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EQUALITY

Danish government changes stance on EU business equality quota

Denmark’s government now supports an EU directive aimed at boosting the number of women in senior business roles, in a reversal of its earlier stance.

a boardroom
Denmark now supports an EU directive aiming to put more women in company boardrooms. Photo by Nastuh Abootalebi on Unsplash

The government was previously against an EU directive which calls for at least 40 percent of company boards to be women. There must also be 40 percent men on company boards. The directive applies to companies with more than 250 people on their payrolls.

But that has now changed with the current government reversing its previous position as well as that of several Danish governments which preceded it, newspaper Jyllands-Posten reports.

“The argument against this was that we believed we could easily promote progress ourselves [without the directive, ed.]. So an EU law was not necessary. But the status is that nothing has really happened,” minister for equality Trine Bramsen told the newspaper.

“We don’t think it’s going fast enough. That’s why we now wish to join the EU position on this area,” she said.

The EU directive states that companies should select board members based on set and neutral criteria, according to Jyllands-Posten’s report. That means that, should two candidates be equally qualified, the one from the underrepresented sex should be preferred for the position.

Data from Bramsen’s ministry show that the proportion of women on the boards of 190 of the largest stock market companies was 26 percent in 2021. That is an increase from 20 percent in 2017. But that increase is not sufficient, the minister said.

Governments in Germany and the Netherlands both also recently dropped opposition to the directive, according to Jyllands-Posten.

The Danish government will soon present a bill proposal setting down new equality criteria for Danish company boards, Bramsen also said.

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COPENHAGEN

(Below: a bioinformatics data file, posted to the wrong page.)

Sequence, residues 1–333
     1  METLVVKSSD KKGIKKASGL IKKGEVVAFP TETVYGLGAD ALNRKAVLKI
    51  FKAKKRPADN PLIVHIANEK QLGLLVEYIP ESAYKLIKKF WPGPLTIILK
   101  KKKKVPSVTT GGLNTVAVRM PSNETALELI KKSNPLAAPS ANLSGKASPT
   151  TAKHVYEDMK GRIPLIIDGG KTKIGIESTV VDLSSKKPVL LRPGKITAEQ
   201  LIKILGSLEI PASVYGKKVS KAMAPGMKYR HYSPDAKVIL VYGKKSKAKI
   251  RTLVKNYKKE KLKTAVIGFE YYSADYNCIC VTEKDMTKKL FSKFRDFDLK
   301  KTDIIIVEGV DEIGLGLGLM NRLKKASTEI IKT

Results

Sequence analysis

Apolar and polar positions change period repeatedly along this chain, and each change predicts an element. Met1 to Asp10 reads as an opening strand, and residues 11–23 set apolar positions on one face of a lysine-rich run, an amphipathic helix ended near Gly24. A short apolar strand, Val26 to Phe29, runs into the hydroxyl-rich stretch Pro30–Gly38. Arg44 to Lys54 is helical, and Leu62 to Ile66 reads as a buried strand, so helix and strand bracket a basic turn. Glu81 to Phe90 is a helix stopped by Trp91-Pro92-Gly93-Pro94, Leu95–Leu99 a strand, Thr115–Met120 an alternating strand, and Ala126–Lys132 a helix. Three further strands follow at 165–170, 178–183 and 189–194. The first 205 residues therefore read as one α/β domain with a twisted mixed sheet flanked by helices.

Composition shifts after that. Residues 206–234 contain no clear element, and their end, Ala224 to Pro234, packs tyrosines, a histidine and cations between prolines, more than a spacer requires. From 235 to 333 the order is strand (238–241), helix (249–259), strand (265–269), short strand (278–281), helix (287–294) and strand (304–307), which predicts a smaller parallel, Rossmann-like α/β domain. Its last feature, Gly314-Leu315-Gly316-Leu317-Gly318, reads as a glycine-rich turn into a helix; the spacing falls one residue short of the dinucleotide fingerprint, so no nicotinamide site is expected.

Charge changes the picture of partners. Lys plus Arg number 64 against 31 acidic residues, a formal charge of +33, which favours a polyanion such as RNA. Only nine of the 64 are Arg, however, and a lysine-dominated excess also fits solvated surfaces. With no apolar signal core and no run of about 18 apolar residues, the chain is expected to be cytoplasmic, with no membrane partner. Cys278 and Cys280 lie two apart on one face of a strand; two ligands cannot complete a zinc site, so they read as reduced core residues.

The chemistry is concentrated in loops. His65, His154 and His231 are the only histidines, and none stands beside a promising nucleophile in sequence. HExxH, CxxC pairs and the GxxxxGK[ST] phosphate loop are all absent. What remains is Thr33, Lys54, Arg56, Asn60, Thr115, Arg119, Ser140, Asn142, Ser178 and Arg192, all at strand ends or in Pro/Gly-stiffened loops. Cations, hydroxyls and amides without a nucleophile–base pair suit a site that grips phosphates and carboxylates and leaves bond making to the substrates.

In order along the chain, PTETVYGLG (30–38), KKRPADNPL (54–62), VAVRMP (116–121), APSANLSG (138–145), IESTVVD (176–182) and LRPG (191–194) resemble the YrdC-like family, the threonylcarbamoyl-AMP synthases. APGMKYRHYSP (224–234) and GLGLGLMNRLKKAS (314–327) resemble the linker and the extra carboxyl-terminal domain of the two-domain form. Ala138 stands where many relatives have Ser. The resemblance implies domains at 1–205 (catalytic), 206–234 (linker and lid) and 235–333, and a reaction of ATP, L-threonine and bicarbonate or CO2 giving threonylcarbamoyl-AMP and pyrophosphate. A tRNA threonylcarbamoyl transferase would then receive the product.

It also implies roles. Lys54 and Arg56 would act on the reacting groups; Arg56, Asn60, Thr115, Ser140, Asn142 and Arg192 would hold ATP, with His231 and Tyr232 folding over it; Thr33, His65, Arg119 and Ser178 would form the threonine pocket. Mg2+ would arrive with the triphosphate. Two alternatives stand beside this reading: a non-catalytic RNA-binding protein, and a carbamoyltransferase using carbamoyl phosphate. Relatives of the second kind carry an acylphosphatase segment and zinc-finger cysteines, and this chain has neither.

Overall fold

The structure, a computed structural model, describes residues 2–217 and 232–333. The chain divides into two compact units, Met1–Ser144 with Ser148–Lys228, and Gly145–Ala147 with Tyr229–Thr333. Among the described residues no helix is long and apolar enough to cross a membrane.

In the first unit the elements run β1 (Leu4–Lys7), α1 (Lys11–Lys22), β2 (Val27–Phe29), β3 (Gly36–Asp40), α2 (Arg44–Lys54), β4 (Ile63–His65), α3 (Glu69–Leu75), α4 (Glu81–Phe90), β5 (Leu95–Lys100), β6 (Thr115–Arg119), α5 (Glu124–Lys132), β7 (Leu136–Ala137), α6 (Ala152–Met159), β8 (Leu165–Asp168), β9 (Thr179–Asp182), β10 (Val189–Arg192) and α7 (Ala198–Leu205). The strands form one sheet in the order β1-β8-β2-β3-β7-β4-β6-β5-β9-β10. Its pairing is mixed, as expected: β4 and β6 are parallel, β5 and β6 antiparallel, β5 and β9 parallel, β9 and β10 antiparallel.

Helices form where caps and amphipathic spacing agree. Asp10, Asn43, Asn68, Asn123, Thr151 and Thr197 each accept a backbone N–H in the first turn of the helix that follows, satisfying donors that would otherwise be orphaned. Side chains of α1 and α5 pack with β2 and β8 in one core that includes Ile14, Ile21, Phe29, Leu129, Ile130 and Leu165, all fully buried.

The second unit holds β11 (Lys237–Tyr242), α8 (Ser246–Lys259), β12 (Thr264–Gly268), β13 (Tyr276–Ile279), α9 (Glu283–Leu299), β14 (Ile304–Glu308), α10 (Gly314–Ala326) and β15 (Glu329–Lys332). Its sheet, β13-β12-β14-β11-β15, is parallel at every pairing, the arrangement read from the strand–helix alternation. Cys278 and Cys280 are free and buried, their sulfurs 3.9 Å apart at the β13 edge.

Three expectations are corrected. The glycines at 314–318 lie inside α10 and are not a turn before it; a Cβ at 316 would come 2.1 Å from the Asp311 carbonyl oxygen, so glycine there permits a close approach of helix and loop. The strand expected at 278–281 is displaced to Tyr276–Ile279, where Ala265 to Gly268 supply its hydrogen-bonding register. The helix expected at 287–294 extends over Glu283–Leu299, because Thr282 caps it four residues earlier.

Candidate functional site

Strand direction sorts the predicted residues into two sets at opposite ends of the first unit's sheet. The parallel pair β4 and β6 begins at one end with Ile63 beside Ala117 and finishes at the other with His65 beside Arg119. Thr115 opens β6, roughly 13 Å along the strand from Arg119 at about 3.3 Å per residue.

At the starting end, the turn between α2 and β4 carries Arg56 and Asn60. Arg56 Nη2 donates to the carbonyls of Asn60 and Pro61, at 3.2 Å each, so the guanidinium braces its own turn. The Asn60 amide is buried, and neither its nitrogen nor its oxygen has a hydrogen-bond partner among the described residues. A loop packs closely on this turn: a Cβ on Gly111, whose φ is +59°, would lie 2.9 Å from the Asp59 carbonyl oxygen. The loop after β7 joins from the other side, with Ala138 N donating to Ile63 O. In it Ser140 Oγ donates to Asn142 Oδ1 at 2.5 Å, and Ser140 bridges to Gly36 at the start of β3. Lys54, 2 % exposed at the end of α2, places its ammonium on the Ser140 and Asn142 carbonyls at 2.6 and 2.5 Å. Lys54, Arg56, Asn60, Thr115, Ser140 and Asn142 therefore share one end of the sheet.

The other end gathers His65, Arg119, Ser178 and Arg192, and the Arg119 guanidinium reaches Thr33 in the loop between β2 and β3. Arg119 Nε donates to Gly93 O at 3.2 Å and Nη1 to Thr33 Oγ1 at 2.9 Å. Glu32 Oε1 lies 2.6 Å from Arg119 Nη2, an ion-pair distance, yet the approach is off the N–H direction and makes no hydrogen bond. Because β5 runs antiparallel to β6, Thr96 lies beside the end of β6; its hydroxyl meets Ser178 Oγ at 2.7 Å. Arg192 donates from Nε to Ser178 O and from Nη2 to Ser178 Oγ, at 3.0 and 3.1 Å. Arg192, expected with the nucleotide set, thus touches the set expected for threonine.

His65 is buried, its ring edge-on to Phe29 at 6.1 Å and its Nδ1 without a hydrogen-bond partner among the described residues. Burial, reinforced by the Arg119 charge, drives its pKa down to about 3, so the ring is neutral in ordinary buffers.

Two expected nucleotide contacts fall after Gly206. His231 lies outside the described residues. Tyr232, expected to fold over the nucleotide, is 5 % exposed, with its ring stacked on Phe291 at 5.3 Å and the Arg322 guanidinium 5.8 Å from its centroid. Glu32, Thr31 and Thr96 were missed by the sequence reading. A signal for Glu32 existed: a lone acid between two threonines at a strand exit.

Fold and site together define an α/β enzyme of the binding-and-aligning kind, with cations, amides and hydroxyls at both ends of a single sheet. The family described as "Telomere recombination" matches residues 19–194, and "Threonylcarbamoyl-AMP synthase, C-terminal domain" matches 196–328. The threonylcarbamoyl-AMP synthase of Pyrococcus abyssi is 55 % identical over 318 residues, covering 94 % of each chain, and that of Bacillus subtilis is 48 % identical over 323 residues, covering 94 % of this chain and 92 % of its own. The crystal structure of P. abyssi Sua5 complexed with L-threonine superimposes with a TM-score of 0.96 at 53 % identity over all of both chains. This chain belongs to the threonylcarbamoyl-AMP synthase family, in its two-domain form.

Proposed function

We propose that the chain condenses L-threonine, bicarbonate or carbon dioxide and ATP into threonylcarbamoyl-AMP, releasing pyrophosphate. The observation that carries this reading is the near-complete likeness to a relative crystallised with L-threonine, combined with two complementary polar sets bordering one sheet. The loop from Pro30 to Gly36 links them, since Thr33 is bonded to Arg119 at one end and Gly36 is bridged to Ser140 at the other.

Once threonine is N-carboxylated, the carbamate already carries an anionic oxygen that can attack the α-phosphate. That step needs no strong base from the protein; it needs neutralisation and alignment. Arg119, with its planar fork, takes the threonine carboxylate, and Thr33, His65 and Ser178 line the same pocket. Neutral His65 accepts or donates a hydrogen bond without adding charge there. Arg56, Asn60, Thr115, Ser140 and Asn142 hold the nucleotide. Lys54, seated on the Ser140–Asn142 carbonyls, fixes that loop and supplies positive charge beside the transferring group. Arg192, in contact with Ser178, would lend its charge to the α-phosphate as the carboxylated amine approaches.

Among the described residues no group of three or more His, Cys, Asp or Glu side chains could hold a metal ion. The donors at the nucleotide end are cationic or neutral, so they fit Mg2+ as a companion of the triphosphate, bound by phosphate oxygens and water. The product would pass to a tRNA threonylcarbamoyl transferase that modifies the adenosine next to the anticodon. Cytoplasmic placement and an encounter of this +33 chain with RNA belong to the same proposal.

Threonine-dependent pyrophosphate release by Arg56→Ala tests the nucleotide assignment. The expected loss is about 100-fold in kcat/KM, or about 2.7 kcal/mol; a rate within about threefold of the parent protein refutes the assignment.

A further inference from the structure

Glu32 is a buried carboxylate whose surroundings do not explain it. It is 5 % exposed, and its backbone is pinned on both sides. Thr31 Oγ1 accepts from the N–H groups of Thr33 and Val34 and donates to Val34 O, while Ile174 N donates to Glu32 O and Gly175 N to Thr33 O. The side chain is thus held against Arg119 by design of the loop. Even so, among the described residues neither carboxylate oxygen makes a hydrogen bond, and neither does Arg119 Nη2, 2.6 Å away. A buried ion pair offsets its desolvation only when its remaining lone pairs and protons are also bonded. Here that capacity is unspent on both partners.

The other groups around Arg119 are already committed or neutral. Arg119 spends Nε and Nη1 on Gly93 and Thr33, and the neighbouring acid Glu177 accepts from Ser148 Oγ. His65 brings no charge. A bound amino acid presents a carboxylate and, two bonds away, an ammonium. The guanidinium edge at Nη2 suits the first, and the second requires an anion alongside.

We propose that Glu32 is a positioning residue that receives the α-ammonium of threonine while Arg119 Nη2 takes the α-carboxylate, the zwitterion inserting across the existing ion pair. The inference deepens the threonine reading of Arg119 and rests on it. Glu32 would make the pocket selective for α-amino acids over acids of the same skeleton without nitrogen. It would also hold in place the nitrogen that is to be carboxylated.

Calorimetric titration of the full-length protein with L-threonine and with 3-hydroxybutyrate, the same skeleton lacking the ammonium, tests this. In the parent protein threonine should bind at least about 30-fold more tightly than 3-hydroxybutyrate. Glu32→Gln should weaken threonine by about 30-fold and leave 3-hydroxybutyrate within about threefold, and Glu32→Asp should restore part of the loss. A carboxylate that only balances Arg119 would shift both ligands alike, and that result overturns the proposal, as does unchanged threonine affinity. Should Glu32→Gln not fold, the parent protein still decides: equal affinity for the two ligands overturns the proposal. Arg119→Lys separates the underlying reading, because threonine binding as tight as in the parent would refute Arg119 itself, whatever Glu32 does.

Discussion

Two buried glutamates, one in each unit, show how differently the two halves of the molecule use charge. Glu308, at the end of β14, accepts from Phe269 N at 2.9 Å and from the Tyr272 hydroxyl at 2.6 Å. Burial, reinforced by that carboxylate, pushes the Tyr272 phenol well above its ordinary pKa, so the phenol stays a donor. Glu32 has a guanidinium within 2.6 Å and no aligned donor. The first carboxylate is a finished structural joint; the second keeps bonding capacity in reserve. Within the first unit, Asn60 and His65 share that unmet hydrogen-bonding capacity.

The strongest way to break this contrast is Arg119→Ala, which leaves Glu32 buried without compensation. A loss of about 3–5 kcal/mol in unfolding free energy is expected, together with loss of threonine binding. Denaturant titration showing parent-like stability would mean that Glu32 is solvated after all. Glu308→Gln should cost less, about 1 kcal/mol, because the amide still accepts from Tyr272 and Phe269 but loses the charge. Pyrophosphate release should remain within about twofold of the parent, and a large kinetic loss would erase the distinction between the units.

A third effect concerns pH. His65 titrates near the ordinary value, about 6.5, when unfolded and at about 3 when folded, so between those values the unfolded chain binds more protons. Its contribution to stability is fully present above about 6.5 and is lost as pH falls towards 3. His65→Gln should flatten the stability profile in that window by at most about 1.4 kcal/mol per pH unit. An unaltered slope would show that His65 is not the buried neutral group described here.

Copenhagen installation critiques lack of women statues

Fifty white pedestals without statues have been erected in Copenhagen to draw attention to the lack of historical women represented in the public domain in Denmark.

Copenhagen installation critiques lack of women statues
“In Denmark, there are 2,500 statues. And only 28 of those statues are of women, which…is about one percent,” said Svante Lindeburg, the head of the Golden Days festival which organised the temporary installation “50 Queens”.
 
“We want that to change”, he told AFP.
 
He acknowledged that it wasn’t possible to change the city landscape overnight, but “what we can do is forward that agenda”.
 
“So we created the 50 pedestals, and we named 50 women to be on those pedestals”, he said.

 
The pillars are statue-less to emphasise the lack of recognition for women, despite Denmark being a bastion of feminism.
 
The pedestals are located in one of central Copenhagen’s most emblematic locations, Kongens Nytorv — which means “The King’s New Square” — positioned so they encircle a statue of King Christian V mounted on horseback.
 
The spot has been symbolically re-named “The Queen’s Square” for two weeks.

 
The women honoured include author Karen Blixen (1885-1962), painter and one of the country’s first transgender women to undergo sex reassignment surgery Lili Elbe (1882-1931), and 16th century scientist Sophie Brahe.
 
Forty-nine personalities were chosen by a jury among hundreds of extraordinary women, with the public tasked with choosing the 50th woman. That pillar is the only one not painted white, instead covered in mirrored glass.  
 
Architect Louise Mould, who helped create the installation that opened on September 2nd, said the mirrored pillar also represents everyone.
 
Everyone ought “to be able to stand up there and look at themselves, look at their friends … look at the people that surround them and realise that they can have as much importance in the world as the women represented here”, she told AFP.
 
Scanning QR codes placed on the pillars, visitors can learn about innkeeper Maren Splids, burned at the stake for witchcraft at the start of the 18th century, as well as activist and women’s rights pioneer Maria Engelbrecht Stokkenbech (born in 1759), writer Tove Ditlevsen (1917-1976) and singer Natasja Saad (1974-2007).
 
The pedestals honour deceased women only, and vary in height from around 50 centimetres to three metres.
 
“It’s a very good idea that all the women portrayed here are from different backgrounds, they come from different professions. It shows that women have made an impact on every part of society for always”, visitor Caroline Virklund told AFP.
 
“It is about time the focus is put on these women and that they are given a place, a very public place in the centre of Copenhagen,” added Louise, a 28-year-old historian.
 
In the Danish capital, only seven historical statues commemorate women, compared to 65 for men and 12 for animals, according to city hall.
 
Inaugurated by Queen Margrethe II as part of the official celebrations for her golden jubilee this weekend, the installation will be in place until September 18th but some pedestals are due to go on display in other parts of Denmark after that.
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